- Cash for mortgage mods. The Treasury has earmarked nearly $10B in federal subsidies for mortgage modification programs at six major U.S. banks. If the modifications have long-term success, the mortgage specialty arms of Citigroup (NYSE:C), JPMorgan Chase (NYSE:JPM) and Wells Fargo (NYSE:WFC) could each earn over $2B. The other three mortgage servicers participating in the program are GMAC Mortgage Inc., Saxon Mortgage Services Inc. and Select Portfolio Servicing. Payments to servicers won't kick in until a modified loan has survived a 90-day trial period. The White House believes the program could help as many as 3-4M homeowners.
- General growth goes bankrupt. Mall giant General Growth Properties (NYSE:GGP) filed for bankruptcy protection early this morning, marking one of the largest-ever real estate failures in U.S. history. Analysts say General Growth will likely survive the long-anticipated Chapter 11 filing intact, but could emerge as a smaller company after selling some properties. The filing marked the end of a months-long effort to restructure a heavy $27B debt load, and could mark the end of the stock, which is down more than 97% from its 2007 high and -52.4% premarket to $0.50 (7:00 ET).
- Geithner goes easy on Chinese currency. After accusing China of currency manipulation in January, Treasury's Geithner backtracked in his first semi-annual report on foreign currency exchanges. In the document, Geithner wrote that the yuan remains 'undervalued' but no country 'met the standards' of illegal currency manipulation in the second half of 2008. The shift could anger U.S. lawmakers, companies and trade unions who have tried to punish nations with undervalued exchange rates. The report cited efforts by China to rebalance its economy, including allowing the yuan to rise and announcing a two-year, $590B stimulus package.
- Beige book: slowdown starts to moderate. The Federal Reserve's Beige Book reported overall economic activity either contracted or remained weak. However, "five of the twelve Districts noted a moderation in the pace of decline, and several saw signs that activity in some sectors was stabilizing at a low level." The overall takeaway is that the economy is getting worse, but more slowly.
- Pension probe charges by NY AG. In what New York Attorney General Andrew Cuomo said will be the first charges of many yet to come, former hedge fund manager Barrett Wissman was criminally charged for his role in a New York State pension kickback scheme. Wissman pleaded guilty to the felony, will serve as a witness in the continuing investigation and will pay $12M in forfeiture and penalties. The former leader of New York's Liberal Party, Raymond Harding, was criminally charged with getting over $800,000 in illegal fees on a pension investment. Cuomo told reporters the scheme had turned the New York State Common Retirement Fund into a 'piggybank' to raise campaign funds, enrich individuals and reward favors.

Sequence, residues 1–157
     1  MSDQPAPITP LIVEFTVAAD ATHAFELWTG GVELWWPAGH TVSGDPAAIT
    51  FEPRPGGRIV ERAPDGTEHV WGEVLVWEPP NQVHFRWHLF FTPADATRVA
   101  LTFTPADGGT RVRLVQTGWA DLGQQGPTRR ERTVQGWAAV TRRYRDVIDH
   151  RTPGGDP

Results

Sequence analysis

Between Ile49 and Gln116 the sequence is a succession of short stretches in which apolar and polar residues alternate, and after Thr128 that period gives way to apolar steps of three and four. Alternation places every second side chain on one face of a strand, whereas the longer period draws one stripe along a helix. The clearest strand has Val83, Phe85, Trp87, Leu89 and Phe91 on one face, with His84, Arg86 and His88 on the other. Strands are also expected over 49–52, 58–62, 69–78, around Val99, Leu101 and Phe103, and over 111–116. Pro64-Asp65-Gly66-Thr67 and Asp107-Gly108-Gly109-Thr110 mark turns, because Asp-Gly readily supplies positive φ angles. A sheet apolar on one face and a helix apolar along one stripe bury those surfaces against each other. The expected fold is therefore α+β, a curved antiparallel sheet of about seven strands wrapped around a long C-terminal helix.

- eBay makes Gmarket offer. eBay (NASDAQ:EBAY) offered to buy South Korean rival Gmarket (GMKT) for $1.2B in cash, outstripping media reports from earlier in the week that eBay would offer $413M for a 34% stake. eBay will buy 67% of Gmarket from investors and make a general offer of $24/share, a 20% premium on Gmarket's closing price yesterday. The acquisition would more than double eBay's South Korean sales and serve as a platform for expansion in Asia. eBay plans to complete the purchase during the second quarter and then de-list Gmarket from the Nasdaq.
- GM speeds up timetable. General Motors (NYSE:GM) is accelerating its timetable for closing around 1,700 dealerships, said sources familiar with the matter, as it tries to meet a June 1 restructuring deadline. Around 200 dealerships were already closed in the first quarter. Sources also said GM has found several potential investors for its troubled Hummer brand and expect to receive an offer to keep the brand running. A GM spokesman confirmed that several groups are interested in Saturn, another of GM's money-losing brands.
- Chrysler-Fiat talks heat up. Talks have intensified between Chrysler and Fiat, with Fiat CEO Sergio Marchionne saying he saw no reason why Fiat and Chrysler could not complete a proposed alliance by the end of April. However, Marchionne also told reporters a partnership deal has only a 50-50 chance of succeeding because of lack of progress in talks between Chrysler and union leaders. If a partnership is finalized, Marchionne is likely to seek broad management authority over Chrysler, possibly as CEO.
- SEC takes aim at ratings firms. SEC's Mary Schapiro said the agency has 'more to do' in regulating credit-rating firms and that the performance of rating firms in connection to mortgage-backed securities has 'shaken investor confidence to its core.' The SEC held a roundtable on the topic yesterday, focusing on ways to minimize potential conflicts of interest. Suggestions included switching ratings firms to an investor-paid model from an issuer-paid model, or for fees be paid out of the rated bonds' interest payments. Schapiro had previously suggested the possibility of creating an independent oversight body to set standards for the ratings firms.
- UBS downsizes again. UBS announced plans to cut 8,700 jobs, or 11% of its workforce, and to lower operating costs by 15%, an admission that the bank has yet to recover from the crises in its trading and wealth management units. CEO Oswald Grubel told investors "unfortunately, I am not able, as yet, to offer you any good news," and warned the bank expects to report a Q1 net loss of nearly 2B Swiss francs ($1.76B) next month, worse than market expectations.